- Arlene Ducao will show how the Mind Rider Helmet works and share dataviz from its users.
The Eno Center for Transportation is at the forefront of this national dialogue of developing appropriate public policy responses to these changes, and highlighting best practices both domestically and abroad. Building off Eno’s 2016 Convergence, Capital Convergence 2017 will focus on specific examples from metropolitan Washington and across the country. After all, Washington was one of the first places in the country to authorize ride-hailing apps, clear the way legally for autonomous vehicles, permit car-sharing services, deploy dynamic tolling and pricing projects, and launch a high-tech bike-share system.
Event highlights will include transportation technology demonstrations, an exciting keynote address, and a networking reception held during the Washington Auto Show’s Sneak Peak.
The conference, which is a part of Eno’s larger Digital Cities research and policy platform, brings together decision makers, government leaders, industry experts, academics, implementers, and visionaries to share their experiences with the convergence of transportation technology and public policy at the local, state and federal levels.
See the day’s agenda and list of speakers here.
Mobility Lab is a media sponsor for Capital Convergence 2017.
What do ridesharing apps, autonomous vehicles and outdated infrastructure have in common? According to some, all are contributing factors to the ultimate demise of public transit. With big changes to the transportation landscape underway, what does this mean for public transit and the future of mobility? Does mass transit even stand a chance of surviving, much less thriving?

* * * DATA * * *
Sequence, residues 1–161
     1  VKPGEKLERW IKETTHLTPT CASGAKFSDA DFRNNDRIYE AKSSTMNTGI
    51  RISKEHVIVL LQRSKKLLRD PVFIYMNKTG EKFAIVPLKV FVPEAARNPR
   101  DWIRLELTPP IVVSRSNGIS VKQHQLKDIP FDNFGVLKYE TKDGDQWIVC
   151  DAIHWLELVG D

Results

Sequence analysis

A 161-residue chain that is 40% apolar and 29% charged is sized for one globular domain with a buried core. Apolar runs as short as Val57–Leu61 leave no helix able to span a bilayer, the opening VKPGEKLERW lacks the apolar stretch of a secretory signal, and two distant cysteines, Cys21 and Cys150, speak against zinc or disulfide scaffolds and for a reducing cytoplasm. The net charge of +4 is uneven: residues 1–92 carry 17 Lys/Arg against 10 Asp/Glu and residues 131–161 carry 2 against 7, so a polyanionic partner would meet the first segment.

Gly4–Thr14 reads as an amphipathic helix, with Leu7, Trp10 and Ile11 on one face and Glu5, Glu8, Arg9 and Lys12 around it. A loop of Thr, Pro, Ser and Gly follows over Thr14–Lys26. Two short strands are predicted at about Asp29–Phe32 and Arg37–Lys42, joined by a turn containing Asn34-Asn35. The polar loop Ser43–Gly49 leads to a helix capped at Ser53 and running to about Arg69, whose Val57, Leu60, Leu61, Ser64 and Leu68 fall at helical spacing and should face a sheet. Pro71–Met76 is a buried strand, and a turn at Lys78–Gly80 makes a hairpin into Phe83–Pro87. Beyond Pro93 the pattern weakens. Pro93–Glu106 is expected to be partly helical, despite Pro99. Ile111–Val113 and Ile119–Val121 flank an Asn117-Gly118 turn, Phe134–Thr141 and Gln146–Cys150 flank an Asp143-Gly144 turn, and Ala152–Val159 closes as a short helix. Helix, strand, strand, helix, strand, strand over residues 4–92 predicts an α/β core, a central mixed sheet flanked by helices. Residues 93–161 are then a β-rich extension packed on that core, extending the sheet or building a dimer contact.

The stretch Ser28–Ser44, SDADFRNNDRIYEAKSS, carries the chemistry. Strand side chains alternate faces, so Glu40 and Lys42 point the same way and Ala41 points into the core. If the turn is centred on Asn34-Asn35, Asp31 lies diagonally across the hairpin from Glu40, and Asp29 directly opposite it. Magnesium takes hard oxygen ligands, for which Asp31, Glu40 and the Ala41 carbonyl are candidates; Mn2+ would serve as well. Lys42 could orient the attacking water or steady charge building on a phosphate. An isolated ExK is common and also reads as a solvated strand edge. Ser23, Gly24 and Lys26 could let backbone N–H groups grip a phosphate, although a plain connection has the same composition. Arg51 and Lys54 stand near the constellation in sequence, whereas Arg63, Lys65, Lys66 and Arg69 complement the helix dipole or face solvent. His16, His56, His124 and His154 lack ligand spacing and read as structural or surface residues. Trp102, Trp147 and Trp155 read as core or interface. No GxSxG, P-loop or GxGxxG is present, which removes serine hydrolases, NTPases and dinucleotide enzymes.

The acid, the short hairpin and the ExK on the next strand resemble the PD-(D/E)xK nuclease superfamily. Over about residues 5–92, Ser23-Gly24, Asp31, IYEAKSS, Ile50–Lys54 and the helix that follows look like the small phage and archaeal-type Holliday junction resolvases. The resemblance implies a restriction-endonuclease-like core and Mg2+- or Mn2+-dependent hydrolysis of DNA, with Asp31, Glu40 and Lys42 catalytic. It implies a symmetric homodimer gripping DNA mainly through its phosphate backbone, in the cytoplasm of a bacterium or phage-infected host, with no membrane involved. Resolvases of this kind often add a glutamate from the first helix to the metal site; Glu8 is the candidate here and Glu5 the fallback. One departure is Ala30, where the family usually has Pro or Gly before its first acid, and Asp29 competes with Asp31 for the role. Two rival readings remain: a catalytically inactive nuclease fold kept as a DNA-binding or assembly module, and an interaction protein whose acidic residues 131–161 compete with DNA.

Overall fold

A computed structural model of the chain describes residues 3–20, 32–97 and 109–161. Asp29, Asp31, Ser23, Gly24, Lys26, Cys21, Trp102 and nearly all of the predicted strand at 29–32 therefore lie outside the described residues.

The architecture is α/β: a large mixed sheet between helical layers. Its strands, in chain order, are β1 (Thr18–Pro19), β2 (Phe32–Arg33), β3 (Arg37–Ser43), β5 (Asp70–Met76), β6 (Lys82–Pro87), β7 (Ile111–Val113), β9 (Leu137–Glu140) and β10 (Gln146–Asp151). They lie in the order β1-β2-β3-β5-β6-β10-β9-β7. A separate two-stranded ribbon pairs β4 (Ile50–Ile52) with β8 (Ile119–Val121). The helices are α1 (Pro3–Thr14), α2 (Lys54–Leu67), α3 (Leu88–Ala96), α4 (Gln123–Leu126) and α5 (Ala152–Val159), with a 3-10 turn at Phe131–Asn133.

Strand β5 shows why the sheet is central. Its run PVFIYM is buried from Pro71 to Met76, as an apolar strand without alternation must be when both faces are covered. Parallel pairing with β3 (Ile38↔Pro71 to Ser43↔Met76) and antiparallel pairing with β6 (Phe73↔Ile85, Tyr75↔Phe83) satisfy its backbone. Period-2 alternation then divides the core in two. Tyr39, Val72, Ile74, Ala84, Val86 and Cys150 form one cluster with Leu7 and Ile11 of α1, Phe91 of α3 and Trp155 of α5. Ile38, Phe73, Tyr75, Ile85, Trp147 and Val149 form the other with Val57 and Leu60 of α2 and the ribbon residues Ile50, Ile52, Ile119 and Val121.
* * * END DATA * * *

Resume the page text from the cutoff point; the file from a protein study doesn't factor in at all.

The answer lies in optimizing multi-modal transit and creating the best path for riders’ entire journey across all options. By taking a user-first approach that Uber and others have successfully implemented, transit providers can blow up the barriers that keep people from using mass transit in the first place.
- Why is the future of transit a multimodal one – and what does Elon Musk’s master plan get right and wrong about mobility?
- How can auto-oriented towns and cities develop a new blueprint for moving around a city?
- What’s the future of mobility look like on university campuses–and how does campus safety factor into current transit planning?
Arlington, a Living Transportation Laboratory
Mobility Lab Research
Analysis of military base travel choices leads to improved pedestrian connections, more transportation options